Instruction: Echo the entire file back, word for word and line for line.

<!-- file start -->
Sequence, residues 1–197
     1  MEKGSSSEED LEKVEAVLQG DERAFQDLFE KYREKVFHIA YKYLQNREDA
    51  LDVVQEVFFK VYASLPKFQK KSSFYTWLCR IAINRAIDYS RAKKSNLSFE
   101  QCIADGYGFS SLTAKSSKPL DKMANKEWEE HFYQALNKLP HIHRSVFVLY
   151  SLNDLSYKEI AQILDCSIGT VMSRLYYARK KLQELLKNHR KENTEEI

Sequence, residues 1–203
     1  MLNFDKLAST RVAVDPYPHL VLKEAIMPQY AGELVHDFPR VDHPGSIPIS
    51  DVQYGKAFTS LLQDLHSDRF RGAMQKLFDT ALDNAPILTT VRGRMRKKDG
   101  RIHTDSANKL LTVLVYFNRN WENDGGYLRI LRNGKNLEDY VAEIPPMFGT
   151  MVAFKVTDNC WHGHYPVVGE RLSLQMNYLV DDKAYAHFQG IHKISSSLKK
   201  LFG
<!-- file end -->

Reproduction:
Sequence, residues 1–197
     1  MEKGSSSEED LEKVEAVLQG DERAFQDLFE KYREKVFHIA YKYLQNREDA
    51  LDVVQEVFFK VYASLPKFQK KSSFYTWLCR IAINRAIDYS RAKKSNLSFE
   101  QCIADGYGFS SLTAKSSKPL DKMANKEWEE HFYQALNKLP HIHRSVFVLY
   151  SLNDLSYKEI AQILDCSIGT VMSRLYYARK KLQELLKNHR KENTEEI

Sequence, residues 1–203
     1  MLNFDKLAST RVAVDPYPHL VLKEAIMPQY AGELVHDFPR VDHPGSIPIS
    51  DVQYGKAFTS LLQDLHSDRF RGAMQKLFDT ALDNAPILTT VRGRMRKKDG
   101  RIHTDSANKL LTVLVYFNRN WENDGGYLRI LRNGKNLEDY VAEIPPMFGT
   151  MVAFKVTDNC WHGHYPVVGE RLSLQMNYLV DDKAYAHFQG IHKISSSLKK
   201  LFG